Jan 1, 1800 - Jan 1, 1925

Romance from the Memory Box

Regional Ethnographic Museum-Plovdiv

Love and Romance from the Bulgarian Revival Period
XIX - XX c

ROMANCE FROM THE MEMORY BOX

According to all travelers, Plovdiv is the largest and most beautiful city in Bulgarian lands. People of different origin, religion and culture live in the city of the seven hills and Maritza river. They speak different languages but have all adopted European cultural influences in manner, style and habits. This formed the eclectic Plovdiv urban culture in the Revival period. The city is like a crossroad for different cultures. Many foreign diplomatic agencies and European trade offices brought European atmosphere to the city. Even the Bulgarian knyaz Ferdinand himself often celebrated important events in the city under the hills. In rich homes music was played by string orchestras and on gramophones. The elite of Plovdiv organized balls and soirées that turned into a parade of elegance and fashion. Dances would start late in the evenings and last until dawn. Gardens were common places for secret romantic meetings. Evenings were filled with sighs addressed to the beloved ones. Music boxes, bonbonnieres and sweet meat music boxes sounded when ladies wrote letters to their lovers lit by the trembling flame of the gas lamps.

SEALED WITH A KISS

How did the kiss, tseluvka in Bulgarian, come to the world?

Tseluvkadis was a Greek shepherd. After many days of hard work, he moved to Thessaly where he became shepherd for Triadis who had large herds of sheep. Every day Tseluvkiadis would take the sheep to the mountain and play them with his kaval flute.

Triadis had a daughter called Evridia. She was beautiful and gentle, learned in every wisdom. One day she met Tseluvkiadis. She was always close to his heart and her thoughts were only of him. He also thought only about her and hoped that one day he would have his own herds of sheep and a small house where he would live together with Evridia. Sometimes Evridia wandered along the mountain peaks to meet Tseluvkiadis, all by sheer chance, while he had taken his sheep out to graze.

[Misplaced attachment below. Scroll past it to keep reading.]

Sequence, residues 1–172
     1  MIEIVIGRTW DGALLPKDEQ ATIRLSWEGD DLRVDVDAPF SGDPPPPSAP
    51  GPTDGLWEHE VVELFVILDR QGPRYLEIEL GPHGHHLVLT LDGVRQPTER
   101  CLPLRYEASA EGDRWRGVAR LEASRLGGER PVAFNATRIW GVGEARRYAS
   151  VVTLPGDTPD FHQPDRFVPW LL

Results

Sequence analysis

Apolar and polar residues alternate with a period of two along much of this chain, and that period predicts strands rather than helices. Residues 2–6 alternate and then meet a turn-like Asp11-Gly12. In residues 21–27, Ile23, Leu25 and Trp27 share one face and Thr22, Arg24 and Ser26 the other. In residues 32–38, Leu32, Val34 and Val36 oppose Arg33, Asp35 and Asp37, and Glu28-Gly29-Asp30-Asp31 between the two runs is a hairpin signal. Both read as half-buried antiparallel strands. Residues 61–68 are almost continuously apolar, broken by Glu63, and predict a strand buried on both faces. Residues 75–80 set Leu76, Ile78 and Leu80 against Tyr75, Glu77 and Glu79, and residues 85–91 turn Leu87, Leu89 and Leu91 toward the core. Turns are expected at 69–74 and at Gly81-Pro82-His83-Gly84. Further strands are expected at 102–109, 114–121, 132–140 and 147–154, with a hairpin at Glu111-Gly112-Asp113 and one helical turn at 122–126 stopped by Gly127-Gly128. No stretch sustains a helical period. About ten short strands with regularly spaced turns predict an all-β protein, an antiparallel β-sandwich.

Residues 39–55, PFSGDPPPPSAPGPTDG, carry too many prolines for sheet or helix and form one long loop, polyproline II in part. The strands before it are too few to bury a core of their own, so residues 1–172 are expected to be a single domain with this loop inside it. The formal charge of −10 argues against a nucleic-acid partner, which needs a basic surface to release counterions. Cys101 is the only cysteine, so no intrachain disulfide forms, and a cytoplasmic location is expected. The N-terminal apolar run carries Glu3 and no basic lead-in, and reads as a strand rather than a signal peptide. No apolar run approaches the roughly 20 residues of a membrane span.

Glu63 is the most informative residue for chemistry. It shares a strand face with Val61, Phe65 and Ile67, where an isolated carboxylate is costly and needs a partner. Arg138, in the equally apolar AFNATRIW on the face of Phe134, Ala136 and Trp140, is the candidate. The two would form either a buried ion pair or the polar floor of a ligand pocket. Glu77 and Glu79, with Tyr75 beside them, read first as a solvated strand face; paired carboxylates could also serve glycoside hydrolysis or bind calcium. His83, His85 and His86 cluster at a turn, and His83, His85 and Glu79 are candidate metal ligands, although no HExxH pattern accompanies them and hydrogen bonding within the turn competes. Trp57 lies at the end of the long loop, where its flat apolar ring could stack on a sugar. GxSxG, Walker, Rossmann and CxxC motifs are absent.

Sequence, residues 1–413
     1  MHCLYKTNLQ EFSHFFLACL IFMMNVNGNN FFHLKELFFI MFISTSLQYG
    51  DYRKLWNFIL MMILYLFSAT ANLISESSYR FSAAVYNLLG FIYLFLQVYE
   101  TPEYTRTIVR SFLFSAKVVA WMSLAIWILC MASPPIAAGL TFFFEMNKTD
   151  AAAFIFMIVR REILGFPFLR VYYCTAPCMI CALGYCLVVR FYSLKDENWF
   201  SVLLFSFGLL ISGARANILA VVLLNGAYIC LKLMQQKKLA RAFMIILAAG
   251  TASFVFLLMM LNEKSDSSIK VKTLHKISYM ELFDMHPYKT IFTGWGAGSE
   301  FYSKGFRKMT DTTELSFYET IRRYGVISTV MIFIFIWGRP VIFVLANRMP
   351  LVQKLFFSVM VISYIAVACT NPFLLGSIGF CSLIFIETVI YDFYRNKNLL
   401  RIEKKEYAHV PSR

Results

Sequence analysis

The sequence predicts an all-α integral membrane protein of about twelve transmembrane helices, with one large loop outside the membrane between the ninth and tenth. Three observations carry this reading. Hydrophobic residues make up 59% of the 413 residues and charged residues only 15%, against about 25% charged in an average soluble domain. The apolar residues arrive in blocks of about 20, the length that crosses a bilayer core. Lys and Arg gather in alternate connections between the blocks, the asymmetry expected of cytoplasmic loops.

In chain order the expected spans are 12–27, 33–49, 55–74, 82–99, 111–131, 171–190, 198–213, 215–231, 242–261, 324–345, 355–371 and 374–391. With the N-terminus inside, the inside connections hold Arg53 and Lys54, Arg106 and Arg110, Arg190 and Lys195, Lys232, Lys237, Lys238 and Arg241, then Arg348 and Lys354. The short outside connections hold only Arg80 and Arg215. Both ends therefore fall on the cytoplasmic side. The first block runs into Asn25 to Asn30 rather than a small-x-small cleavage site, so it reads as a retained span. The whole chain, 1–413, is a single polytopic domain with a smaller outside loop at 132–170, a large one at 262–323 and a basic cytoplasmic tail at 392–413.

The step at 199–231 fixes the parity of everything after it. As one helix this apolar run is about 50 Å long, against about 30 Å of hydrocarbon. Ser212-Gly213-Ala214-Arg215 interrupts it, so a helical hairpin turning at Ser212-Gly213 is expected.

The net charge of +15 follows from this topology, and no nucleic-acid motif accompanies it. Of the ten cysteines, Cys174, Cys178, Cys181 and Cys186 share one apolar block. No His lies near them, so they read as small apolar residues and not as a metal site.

And he would know as if in a secret way that she is close and he would play such sweet melodies that even the sheep raised their heads and listened. She called him Tseluvka (Kiss) and he called her Rida.

One day as she was wandering the mountain and listening to the sweet kaval of her lover, Evridia found a wonderful small stone near a mountain creek. It was about the size of a pea with jagged edges. Turning it at the sun she delighted and wondered the way it reflected every colour like a rainbow. She was about to bring it to Tseluvkiadis when she heard the clatter of hooves. When Evridia turned, she saw the creature she had been avoiding all her live. It was the great god Pan. He had horns, rough and furry face and goat legs. Evridia had heard him roar in distant forests and now she was trembling at the sight of the terrible creature before her.

- “Give me the stone!” – he said with his hand spread.

- “No!” – said Evridia – “I will give it to Tseluvkiadis.”

- “Oh! And who is this Tseluvkiadis? I want him for one of my forest nymphs.” – said the god approaching Evridia menacingly, but before he could reach her, she flew to the mountain and called for Tseluvkiadis.

Evridia could hear the steps of the god and his hoarse angry roar, and she was terrified. The thought of Tseluvkiadis who would protect her was the only thing that prevented her from fainting on the spot. In less than a minute she was in her lover’s arms. Her sudden appearance followed by the terrible roar of Pan scattered the sheep. However brave Tseluvkiadis was, he could not help trembling like the smallest lamb in the herd.

Then he spoke gently to the god, begging him to go away. Cross and grumbling, Pan stamped away in the mountain because he would always listen to the sincere plea of honest shepherds.

- Tell me, Rida, what was all that about? – said Tseluvkiadis. Evridia told him about her meeting with Pan.

- Where is the stone you were about to bring me? I am afraid you threw it away while you were running.